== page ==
Dave Hakkens is a man on a mission. Actually, he’s a man who’s been on a mission for some time now. The Dutch designer was celebrated globally back in 2013 after he developed a modular and sustainable smartphone concept called Phonebloks.
But it’s what he did next that cemented his reputation. Hakkens turned his attention to plastics. Or rather, he returned to an idea called Precious Plastic that he had when he was a student at The Design Academy in Eindhoven.
Hakkens was concerned by the volume of plastic waste and why more of it wasn’t being recycled into useful products (just 10 per cent of the plastic we use is recycled).
Last year, the United Nations warned that unless people changed their habits there would be more plastic than fish, by weight, in the world’s oceans by 2050, and a University of Georgia study calculated that humans have created 8.3 billion metric tons of plastics since large-scale production of the synthetic materials began in the early 1950s.
If current trends continue, it’s forecast that roughly 12 billion metric tons of plastic waste would be in landfills or the natural environment by 2050.
To encourage more plastic recycling, Hakkens developed and built a simple set of four machines that could turn plastic into pellets and then into useful products: tableware, lampshades, vases and so on.
He then published the machine blueprints online for anyone to download and build, using simple parts and manufacturing techniques. Now, people (designers) around the world are turning plastic trash into functional products using his design – from China, the Ukraine and Thailand, to London, Seoul and Spain.
And at Monash University.
Jumping on board
Inspired by Hakkens and the global community he’s built to fight plastic pollution, 25 Monash undergraduate and graduate students from the engineering and art and design faculties have expanded on Hakkens’ work and created their own Precious Plastic chapter.
"We found Dave Hakkens’ download kit online, and this laid the foundations for our final-year engineering project," says Anthony Ngo, product manager at Precious Plastic Monash.
The team aims to modify the four machines to be safer, more user-friendly and educational.
To do this, it’s integrating each of the machines into a single transportable unit that can be used for production and community engagement.
A 1m x 1m pallet is the foundation of the unit, allowing it to be transported using a pallet jack, forklift or trailer. It features flip-out workbenches for preparation and post-processing of products, and has a central tower that accommodates the electronics and controllers, as well as video display screens.
Scott Wordley is a Monash mechanical and aerospace engineering lecturer, and one of the academic supervisors of the new Precious Plastic student group.
He says one of the great benefits of the compact design is the ease with which it can be transported, opening the possibility of travelling to community roadshows, fairs and expos, and schools.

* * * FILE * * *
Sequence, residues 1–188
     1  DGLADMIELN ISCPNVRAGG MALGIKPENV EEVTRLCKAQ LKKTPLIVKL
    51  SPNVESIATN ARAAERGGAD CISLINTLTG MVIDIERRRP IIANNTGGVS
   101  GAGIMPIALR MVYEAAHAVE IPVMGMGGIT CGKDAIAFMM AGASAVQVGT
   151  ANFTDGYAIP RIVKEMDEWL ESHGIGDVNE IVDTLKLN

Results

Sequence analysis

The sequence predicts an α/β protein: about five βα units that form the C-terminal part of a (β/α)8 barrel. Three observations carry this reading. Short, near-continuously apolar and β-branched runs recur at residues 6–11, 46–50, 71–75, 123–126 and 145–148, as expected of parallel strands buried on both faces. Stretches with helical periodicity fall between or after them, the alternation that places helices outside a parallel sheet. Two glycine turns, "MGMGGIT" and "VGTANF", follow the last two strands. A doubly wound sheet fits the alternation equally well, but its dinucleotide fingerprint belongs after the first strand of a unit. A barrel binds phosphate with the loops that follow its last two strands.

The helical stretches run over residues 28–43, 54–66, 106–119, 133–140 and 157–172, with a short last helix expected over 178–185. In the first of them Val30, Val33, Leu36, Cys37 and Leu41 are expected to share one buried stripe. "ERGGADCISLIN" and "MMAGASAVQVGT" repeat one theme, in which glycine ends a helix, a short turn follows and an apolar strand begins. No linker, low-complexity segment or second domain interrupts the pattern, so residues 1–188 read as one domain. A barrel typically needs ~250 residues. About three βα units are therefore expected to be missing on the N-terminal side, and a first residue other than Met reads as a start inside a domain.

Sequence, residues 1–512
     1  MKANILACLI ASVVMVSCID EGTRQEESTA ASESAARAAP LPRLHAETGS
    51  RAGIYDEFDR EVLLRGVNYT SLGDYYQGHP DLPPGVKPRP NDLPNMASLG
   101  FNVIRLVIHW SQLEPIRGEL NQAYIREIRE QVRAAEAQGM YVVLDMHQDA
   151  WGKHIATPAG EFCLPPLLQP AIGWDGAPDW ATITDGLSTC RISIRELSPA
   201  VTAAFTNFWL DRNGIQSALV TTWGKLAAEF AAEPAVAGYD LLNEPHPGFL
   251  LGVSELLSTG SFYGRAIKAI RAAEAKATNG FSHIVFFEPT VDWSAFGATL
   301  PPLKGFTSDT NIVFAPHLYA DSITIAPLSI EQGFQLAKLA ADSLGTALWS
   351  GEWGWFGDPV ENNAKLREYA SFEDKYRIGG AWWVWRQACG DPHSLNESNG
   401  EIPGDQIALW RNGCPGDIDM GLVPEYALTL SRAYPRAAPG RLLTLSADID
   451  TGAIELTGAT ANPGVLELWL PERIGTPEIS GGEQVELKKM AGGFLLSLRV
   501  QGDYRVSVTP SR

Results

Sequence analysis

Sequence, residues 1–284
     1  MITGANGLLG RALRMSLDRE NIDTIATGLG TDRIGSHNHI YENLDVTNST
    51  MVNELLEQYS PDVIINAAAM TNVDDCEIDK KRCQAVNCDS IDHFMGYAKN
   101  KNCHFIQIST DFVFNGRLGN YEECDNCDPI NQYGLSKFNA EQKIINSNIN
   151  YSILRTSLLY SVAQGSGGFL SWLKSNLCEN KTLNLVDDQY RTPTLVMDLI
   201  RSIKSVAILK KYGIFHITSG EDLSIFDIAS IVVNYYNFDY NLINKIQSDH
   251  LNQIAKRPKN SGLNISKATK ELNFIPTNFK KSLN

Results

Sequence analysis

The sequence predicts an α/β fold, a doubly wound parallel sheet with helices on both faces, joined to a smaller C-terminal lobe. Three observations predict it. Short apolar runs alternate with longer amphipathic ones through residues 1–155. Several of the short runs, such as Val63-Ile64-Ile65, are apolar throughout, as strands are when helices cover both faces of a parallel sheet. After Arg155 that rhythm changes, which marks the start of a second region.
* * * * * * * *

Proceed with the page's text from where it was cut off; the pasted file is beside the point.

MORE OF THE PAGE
He says the Precious Plastic global community is “experiencing a huge amount of success, having recently secured a €300,000 grant”, and that its resources “provide the perfect toolkit to engage students and the general public to help fight the war on plastic waste and change peoples’ perceptions about how and where we use these materials”.
“We’re not going to recycle our way out of this plastic problem, and there are limits to what these (amazing) little machines can do,” he says.
“But changing the way people think about plastic and consume it can be done at scale; it just takes a bit of information, some interaction with the machines and teams, and a sample to go away with, and we’ve done our job.
“We plan to develop engagement activities and experiences to do just this.”
"Changing the way people think about plastic and consume it can be done at scale."
He says while most community groups or individuals would struggle with the financial and technical undertaking of building a unit, universities are well-positioned to be a focal point for this technology, with great facilities, engineering students keen to take up the challenge, and the space to get it up and running.
“This project ticks so many boxes for the kind of experience we’re trying to give our students,” he says. “They get to use their engineering design, manufacturing and materials skills to manufacture valuable products from materials that we currently consider to be environmentally destructive waste.
“They also get to take that message to the community, to educate people and lobby for policy changes, like the recent banning of single-use plastic bags, which can lead to a significant reduction in the amount of plastic waste that we generate.
“The end game is to drive a shift to more sustainable and reusable materials or designs.”
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